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GeForce 9500 GT 512MB GDDR3 vs Radeon HD 5450

Intro

The GeForce 9500 GT 512MB GDDR3 has a core clock speed of 550 MHz and a GDDR3 memory speed of 800 MHz. It also makes use of a 128-bit memory bus, and uses a 55 nm design. It is made up of 32 SPUs, 16 Texture Address Units, and 8 ROPs.

Compare all of that to the Radeon HD 5450, which comes with a core clock speed of 650 MHz and a DDR3 memory speed of 800 MHz. It also features a 64-bit bus, and makes use of a 40 nm design. It is made up of 80(16x5) SPUs, 8 Texture Address Units, and 4 Raster Operation Units.

(No game benchmarks for this combination yet.)

Power Usage and Theoretical Benchmarks

Power Consumption (Max TDP)

Radeon HD 5450 19 Watts
GeForce 9500 GT 512MB GDDR3 50 Watts
Difference: 31 Watts (163%)

Memory Bandwidth

In theory, the GeForce 9500 GT 512MB GDDR3 should be a lot faster than the Radeon HD 5450 overall. (explain)

GeForce 9500 GT 512MB GDDR3 25600 MB/sec
Radeon HD 5450 12800 MB/sec
Difference: 12800 (100%)

Texel Rate

The GeForce 9500 GT 512MB GDDR3 should be much (about 69%) more effective at texture filtering than the Radeon HD 5450. (explain)

GeForce 9500 GT 512MB GDDR3 8800 Mtexels/sec
Radeon HD 5450 5200 Mtexels/sec
Difference: 3600 (69%)

Pixel Rate

The GeForce 9500 GT 512MB GDDR3 should be much (about 69%) more effective at AA than the Radeon HD 5450, and also should be capable of handling higher screen resolutions without losing too much performance. (explain)

GeForce 9500 GT 512MB GDDR3 4400 Mpixels/sec
Radeon HD 5450 2600 Mpixels/sec
Difference: 1800 (69%)

Please note that the above 'benchmarks' are all just theoretical - the results were calculated based on the card's specifications, and real-world performance may (and probably will) vary at least a bit.

Price Comparison

GeForce 9500 GT 512MB GDDR3

Amazon.com

Radeon HD 5450

Amazon.com

Please note that the price comparisons are based on search keywords - sometimes it might show cards with very similar names that are not exactly the same as the one chosen in the comparison. We do try to filter out the wrong results as best we can, though.

Specifications

Model GeForce 9500 GT 512MB GDDR3 Radeon HD 5450
Manufacturer nVidia AMD
Year July 2008 February 4, 2010
Code Name G96b Cedar PRO
Fab Process 55 nm 40 nm
Bus PCIe x16 2.0, PCI PCIe 2.1 x16
Memory 512 MB 512 MB
Core Speed 550 MHz 650 MHz
Shader Speed 1400 MHz (N/A) MHz
Memory Speed 800 MHz (1600 MHz effective) 800 MHz (1600 MHz effective)
Unified Shaders 32 80(16x5)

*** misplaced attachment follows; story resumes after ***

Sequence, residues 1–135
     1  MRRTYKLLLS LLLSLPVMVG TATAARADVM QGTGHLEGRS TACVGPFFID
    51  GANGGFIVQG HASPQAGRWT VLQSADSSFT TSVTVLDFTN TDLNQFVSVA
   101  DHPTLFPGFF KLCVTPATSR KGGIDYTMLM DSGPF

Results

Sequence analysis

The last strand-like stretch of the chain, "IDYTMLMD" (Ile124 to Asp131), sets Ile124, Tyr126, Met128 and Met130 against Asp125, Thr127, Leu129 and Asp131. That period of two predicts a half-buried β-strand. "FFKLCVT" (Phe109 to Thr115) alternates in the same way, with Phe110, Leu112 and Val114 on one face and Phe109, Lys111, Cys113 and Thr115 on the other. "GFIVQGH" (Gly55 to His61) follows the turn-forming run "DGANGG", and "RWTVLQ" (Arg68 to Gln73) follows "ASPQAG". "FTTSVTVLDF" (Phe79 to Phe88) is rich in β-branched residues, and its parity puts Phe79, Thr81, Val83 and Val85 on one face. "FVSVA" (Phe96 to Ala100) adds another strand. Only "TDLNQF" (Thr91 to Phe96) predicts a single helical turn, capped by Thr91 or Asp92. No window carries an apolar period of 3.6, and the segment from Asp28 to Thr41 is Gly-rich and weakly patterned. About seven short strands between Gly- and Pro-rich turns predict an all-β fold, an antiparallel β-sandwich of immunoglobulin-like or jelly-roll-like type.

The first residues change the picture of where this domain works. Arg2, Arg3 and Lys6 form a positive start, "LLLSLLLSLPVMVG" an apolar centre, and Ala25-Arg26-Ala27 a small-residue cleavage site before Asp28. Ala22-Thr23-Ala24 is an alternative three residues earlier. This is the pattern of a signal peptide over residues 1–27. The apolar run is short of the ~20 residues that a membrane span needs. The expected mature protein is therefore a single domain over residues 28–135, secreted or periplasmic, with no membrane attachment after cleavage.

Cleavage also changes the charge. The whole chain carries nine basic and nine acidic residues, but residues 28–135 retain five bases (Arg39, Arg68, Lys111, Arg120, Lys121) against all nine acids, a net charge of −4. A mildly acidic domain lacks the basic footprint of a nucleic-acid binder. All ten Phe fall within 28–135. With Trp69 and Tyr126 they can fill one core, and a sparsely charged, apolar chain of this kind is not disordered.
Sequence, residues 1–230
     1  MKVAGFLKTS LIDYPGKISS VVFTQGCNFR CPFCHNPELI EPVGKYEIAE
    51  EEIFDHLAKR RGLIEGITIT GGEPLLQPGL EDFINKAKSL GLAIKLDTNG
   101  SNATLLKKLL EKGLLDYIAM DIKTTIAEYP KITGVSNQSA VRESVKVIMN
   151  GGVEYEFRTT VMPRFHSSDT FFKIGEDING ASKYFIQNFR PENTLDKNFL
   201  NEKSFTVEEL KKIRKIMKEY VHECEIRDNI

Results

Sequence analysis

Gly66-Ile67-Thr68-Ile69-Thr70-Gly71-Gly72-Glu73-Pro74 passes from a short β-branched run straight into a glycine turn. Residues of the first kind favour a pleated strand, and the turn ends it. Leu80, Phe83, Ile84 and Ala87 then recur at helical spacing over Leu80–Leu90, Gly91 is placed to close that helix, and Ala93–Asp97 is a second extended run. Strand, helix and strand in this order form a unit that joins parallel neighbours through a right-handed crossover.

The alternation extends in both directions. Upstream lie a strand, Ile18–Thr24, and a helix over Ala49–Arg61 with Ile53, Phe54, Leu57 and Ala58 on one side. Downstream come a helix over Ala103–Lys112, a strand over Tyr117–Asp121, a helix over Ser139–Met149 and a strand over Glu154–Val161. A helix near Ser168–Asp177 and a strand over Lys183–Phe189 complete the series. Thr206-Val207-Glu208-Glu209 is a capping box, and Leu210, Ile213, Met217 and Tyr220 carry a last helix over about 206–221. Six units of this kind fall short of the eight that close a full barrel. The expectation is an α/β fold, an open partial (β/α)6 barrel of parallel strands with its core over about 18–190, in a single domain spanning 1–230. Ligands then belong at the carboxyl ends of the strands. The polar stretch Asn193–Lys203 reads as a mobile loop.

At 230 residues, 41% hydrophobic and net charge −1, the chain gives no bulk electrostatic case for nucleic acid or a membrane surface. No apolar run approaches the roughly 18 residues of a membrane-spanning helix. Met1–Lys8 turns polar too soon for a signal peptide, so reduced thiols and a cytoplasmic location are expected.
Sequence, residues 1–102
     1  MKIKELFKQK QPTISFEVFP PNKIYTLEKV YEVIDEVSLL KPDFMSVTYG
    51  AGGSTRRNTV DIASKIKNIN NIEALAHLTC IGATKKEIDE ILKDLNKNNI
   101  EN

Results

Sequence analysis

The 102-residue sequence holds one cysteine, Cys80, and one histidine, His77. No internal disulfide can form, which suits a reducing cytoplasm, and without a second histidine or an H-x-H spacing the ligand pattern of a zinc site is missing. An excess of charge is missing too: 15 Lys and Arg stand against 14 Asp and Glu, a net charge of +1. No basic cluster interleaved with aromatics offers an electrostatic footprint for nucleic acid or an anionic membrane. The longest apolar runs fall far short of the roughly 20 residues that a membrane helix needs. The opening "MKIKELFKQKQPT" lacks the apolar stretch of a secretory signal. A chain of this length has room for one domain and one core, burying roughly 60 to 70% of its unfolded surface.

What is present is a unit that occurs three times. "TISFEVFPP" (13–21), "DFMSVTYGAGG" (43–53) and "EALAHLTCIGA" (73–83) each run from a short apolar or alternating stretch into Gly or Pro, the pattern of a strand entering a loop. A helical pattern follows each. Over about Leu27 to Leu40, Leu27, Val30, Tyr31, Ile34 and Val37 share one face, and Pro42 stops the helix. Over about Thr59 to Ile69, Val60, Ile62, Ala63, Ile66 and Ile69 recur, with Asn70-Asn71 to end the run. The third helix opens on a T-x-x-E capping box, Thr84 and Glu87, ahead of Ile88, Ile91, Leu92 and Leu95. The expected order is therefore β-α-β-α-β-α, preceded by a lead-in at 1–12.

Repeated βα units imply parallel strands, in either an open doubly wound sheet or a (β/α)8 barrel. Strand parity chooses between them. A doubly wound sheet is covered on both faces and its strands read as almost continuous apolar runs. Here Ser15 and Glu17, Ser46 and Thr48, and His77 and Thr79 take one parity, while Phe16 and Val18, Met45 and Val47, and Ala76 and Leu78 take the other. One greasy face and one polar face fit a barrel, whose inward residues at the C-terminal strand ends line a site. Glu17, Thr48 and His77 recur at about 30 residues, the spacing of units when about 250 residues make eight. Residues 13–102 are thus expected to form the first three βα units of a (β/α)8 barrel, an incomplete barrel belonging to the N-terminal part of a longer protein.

Texture Mapping Units 16 8
Render Output Units 8 4
Bus Type GDDR3 DDR3
Bus Width 128-bit 64-bit
DirectX Version DirectX 10 DirectX 11
OpenGL Version OpenGL 3.0 OpenGL 3.2
Power (Max TDP) 50 watts 19 watts
Shader Model 4.0 5.0
Bandwidth 25600 MB/sec 12800 MB/sec
Texel Rate 8800 Mtexels/sec 5200 Mtexels/sec
Pixel Rate 4400 Mpixels/sec 2600 Mpixels/sec

Memory Bandwidth: Bandwidth is the max amount of data (measured in MB per second) that can be transported over the external memory interface in a second. The number is calculated by multiplying the interface width by its memory clock speed. If it uses DDR type RAM, it must be multiplied by 2 again. If it uses DDR5, multiply by ANOTHER 2x. The better the memory bandwidth, the faster the card will be in general. It especially helps with anti-aliasing, HDR and higher screen resolutions.

Texel Rate: Texel rate is the maximum texture map elements (texels) that can be processed per second. This number is calculated by multiplying the total amount of texture units of the card by the core clock speed of the chip. The better this number, the better the graphics card will be at handling texture filtering (anisotropic filtering - AF). It is measured in millions of texels per second.

Pixel Rate: Pixel rate is the maximum number of pixels that the graphics card can possibly write to the local memory per second - measured in millions of pixels per second. The number is calculated by multiplying the number of ROPs by the clock speed of the card. ROPs (Raster Operations Pipelines - also sometimes called Render Output Units) are responsible for filling the screen with pixels (the image). The actual pixel fill rate is also dependant on quite a few other factors, especially the memory bandwidth of the card - the lower the bandwidth is, the lower the potential to get to the maximum fill rate.

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